Despite high unemployment and a fraught economic climate, the stock market has fully recovered since bottoming out earlier this year. All three major U.S. market indexes, the S&P 500, Nasdaq Composite, and Dow Jones Industrial Average, are up by more than 50%. But as history tells us, it's only a matter of time before we face another crash. Unexpected market corrections are regular events marked by at least a 10% decline in stock prices. But when they inevitably happen, dedicated long-term investors shouldn't jump to escape the market.

Watching your portfolio plunge will test your resolve. But it's essential for investors to remember that the market will recover after the next downturn. The market has recovered from every single downturn in its history. That's a resounding 38 market correction recoveries since 1950. Instead of panic-selling when stocks plunge, a dip can serve investors who know how to look for great investment opportunities at a discount. In that spirit, Bristol Myers Squibb (NYSE:BMY) is one pharma stock I believe will be a great pick when the market crashes again.

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Looking at Bristol Myers' lineup

During the second quarter, which ended on June 30, Bristol Myers' top line rang in at $10.1 billion, a 61% year-over-year increase.  The healthcare giant has benefitted from inflated revenue growth thanks to its November 2019 acquisition of Celgene, which cost $74 billion in a mix of cash and stock. Several pharmaceuticals that generate hundreds of millions in revenue every year were part of the Celgene package. Thus, Bristol Myers' revenue for the second quarter of the fiscal year 2019 isn't a great baseline for comparing its second-quarter revenue of its current fiscal year.

Bristol Myers' top performers this year include cancer drugs Revlimid and Opdivo, as well as an anticoagulant called Eliquis. Revlimid, a Celgene product, generated $2.9 billion in revenue, representing a 6% year over year increase on a pro forma basis. Eliquis brought in $2.2 billion in revenue, 6% higher than the prior-year quarter. And although Opdivo's revenue declined by 9% year-over-year to $1.7 billion, the drug is undergoing more than a dozen clinical trials for new treatment uses. All three of these drugs are projected to be among the top 10 best-selling in the world in 2024, according to the research firm Evaluate Pharma.  

Smiling pharmacist leaning on a counter in a pharmacy.

Image source: Getty Images.

Bristol Myers has other products it can count on, including cancer medicine Pomalyst, which generated $745 million in revenue during the second quarter, a 21% increase on a pro forma basis. Bristol Myers is also working to enrich a pipeline that can replenish the current lineup. The company expects six new product launches within the next two years, and estimates that these products will generate about $20 billion in revenue during the second half of the decade. In total, the company boasts more than 50 clinical compounds in development and has more than a dozen active phase 3 clinical trials. Investors can rest assured that Bristol Myers is constantly working to add revenue streams by developing new therapies.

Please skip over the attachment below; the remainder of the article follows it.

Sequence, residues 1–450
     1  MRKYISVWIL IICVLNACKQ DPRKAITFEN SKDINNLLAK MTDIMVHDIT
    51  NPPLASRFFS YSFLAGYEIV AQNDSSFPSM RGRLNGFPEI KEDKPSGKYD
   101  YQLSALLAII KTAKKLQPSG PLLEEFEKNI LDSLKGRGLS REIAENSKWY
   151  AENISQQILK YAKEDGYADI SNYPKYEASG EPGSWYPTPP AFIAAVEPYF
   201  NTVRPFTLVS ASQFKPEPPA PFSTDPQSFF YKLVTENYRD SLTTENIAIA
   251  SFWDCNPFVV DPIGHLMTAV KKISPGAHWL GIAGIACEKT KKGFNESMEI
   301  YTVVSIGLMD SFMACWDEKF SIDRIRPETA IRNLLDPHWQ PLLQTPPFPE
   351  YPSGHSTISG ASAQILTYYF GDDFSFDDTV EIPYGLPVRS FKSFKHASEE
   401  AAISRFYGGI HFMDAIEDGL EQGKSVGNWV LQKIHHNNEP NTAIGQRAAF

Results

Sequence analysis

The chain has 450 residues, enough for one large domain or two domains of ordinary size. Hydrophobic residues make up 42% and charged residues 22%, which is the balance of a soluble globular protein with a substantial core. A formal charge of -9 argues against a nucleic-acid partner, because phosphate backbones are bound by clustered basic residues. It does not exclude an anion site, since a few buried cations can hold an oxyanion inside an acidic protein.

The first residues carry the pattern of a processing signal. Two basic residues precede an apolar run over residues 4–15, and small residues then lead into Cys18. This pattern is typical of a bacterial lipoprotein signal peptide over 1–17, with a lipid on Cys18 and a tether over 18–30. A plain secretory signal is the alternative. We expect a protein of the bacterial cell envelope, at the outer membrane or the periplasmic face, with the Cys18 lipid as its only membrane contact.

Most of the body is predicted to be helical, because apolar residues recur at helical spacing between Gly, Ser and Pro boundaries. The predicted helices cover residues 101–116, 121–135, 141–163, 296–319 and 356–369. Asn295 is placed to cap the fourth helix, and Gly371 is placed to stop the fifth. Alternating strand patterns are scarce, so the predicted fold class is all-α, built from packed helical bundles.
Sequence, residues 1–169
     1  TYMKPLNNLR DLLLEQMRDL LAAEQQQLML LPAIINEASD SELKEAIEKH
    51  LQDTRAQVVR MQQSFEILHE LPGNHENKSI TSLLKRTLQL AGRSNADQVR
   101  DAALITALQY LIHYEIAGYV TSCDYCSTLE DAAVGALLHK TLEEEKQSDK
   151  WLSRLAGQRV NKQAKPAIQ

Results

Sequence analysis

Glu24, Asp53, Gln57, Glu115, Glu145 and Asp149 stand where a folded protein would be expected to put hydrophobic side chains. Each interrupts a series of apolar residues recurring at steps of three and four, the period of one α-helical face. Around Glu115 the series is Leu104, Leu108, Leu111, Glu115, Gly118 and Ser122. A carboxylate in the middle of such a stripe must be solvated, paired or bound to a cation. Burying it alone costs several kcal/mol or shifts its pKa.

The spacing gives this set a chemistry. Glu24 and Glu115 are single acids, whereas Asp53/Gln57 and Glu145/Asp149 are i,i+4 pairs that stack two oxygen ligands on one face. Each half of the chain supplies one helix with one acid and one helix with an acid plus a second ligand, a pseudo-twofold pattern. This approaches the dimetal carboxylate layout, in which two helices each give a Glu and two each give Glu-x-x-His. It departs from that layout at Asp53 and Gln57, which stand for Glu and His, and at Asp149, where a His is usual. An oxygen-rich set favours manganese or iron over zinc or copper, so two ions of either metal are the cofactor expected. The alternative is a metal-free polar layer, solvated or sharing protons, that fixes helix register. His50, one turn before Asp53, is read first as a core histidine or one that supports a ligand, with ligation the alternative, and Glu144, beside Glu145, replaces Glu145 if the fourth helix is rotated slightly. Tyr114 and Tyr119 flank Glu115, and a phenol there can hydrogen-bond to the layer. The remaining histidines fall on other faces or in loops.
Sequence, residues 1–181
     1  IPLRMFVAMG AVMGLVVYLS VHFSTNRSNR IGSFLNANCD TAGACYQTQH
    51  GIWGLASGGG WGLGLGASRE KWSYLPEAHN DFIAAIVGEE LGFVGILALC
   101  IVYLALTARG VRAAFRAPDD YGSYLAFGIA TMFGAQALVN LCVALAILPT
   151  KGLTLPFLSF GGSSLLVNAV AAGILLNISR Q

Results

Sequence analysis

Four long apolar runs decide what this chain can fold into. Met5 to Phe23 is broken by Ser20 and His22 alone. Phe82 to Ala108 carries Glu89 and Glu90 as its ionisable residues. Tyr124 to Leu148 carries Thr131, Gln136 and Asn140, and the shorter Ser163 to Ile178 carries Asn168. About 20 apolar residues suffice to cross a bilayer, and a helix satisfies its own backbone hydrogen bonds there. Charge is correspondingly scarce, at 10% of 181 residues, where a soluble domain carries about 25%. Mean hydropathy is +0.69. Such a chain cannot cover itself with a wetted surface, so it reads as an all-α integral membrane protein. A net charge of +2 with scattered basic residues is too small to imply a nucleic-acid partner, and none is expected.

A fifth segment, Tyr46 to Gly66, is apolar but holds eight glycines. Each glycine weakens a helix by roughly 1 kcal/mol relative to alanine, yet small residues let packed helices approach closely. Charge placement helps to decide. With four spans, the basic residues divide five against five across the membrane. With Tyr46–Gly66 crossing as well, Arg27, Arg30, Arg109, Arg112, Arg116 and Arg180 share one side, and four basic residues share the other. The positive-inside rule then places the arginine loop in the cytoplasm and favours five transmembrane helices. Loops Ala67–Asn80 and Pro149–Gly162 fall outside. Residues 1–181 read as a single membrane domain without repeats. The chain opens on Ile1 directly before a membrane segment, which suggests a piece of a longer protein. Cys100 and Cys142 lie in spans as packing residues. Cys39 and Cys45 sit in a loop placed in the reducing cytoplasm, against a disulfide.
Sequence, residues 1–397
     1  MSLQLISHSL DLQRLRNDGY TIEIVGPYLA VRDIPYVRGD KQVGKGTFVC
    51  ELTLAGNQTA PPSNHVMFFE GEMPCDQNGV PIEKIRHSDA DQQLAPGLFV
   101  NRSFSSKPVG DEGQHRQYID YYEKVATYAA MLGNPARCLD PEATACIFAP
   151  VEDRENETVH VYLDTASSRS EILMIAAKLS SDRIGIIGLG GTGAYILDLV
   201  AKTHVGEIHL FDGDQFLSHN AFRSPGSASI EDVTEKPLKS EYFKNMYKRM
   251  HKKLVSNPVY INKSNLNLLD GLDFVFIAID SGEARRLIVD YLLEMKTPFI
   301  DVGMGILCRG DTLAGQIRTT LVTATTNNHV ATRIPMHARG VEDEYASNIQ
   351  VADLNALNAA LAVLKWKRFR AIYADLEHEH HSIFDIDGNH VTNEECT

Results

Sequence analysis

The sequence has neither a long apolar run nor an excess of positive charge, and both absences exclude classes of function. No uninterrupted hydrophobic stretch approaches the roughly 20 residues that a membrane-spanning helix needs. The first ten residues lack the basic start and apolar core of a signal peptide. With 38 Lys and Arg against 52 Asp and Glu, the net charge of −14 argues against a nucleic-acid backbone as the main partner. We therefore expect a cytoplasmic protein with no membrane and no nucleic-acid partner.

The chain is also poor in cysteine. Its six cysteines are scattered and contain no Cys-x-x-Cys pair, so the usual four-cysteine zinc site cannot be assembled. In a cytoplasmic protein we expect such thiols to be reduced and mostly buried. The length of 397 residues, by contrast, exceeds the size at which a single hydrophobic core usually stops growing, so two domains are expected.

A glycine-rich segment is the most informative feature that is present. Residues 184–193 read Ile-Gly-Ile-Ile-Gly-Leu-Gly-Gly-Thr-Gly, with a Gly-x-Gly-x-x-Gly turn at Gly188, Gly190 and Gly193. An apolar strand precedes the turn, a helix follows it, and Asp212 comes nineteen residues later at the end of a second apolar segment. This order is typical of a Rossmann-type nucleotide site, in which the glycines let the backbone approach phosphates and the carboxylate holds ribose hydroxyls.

The elephant in the room

Bristol Myers' latest balance sheet will probably scare off a few investors. The company significantly increased its debt level since acquiring Celgene last year, and by the recent quarter's close, Bristol Myers had roughly $55.5 billion in long-term liabilities. This is compared to $29.3 billion in total liabilities at the end of the previous second quarter. Naturally, no one wants to invest in a company that is drowning in debt, especially in the middle of an economic crisis with an uncertain end-date. Still, Bristol Myers generated $34.86 billion in revenue during the trailing-12-month period and has a respectable current ratio of roughly 1.5.

The current ratio is a measure of how well the company can take care of its short-term obligations, and it is typically considered "healthy" at 1.5 or higher. If the ratio, is too high, however, it might be an indication that a company is mismanaging or hoarding assets.  Bristol Myers' current ratio, which is current assets over current liabilities, shows that it is capable of handling its debt load and keeping operations up and running. During the company's second quarter earnings call, CEO David Elkins pledged to bring down Bristol Myers' debt-to-EBITDA -- a measure of how well a company can cover its debt -- from 3.8 to less than 1.5 by the end of 2023. It will be important for investors to monitor Bristol Myers' debt situation, but it shouldn't scare them away altogether.

The key takeaways

Despite its poor performance on the market year-to-date and its high debt level, I believe that Bristol Myers has what it takes to deliver reliable financial performances and turn things around. The company is expanding its lineup of already successful pharmaceuticals and is well-positioned to pay its debts. Its acquisition of Celgene was expensive, but gave Bristol Myers access to star products like Revlimid and Pomalyst. As a bonus, consider that the company offers a dividend yield of 2.78% compared to an average of 1.8% for S&P 500 companies. The company's cash payout ratio is a conservative 28.14%, which shows that it can afford dividend increases. In other words, in addition to its growth potential, Bristol Myers is an attractive stock for dividend-seeking investors. With these qualities in mind, I believe it'd be wise to add shares of this pharma stock to your portfolio in the next bear market.

This article represents the opinion of the writer, who may disagree with the “official” recommendation position of a Motley Fool premium advisory service. We’re motley! Questioning an investing thesis -- even one of our own -- helps us all think critically about investing and make decisions that help us become smarter, happier, and richer.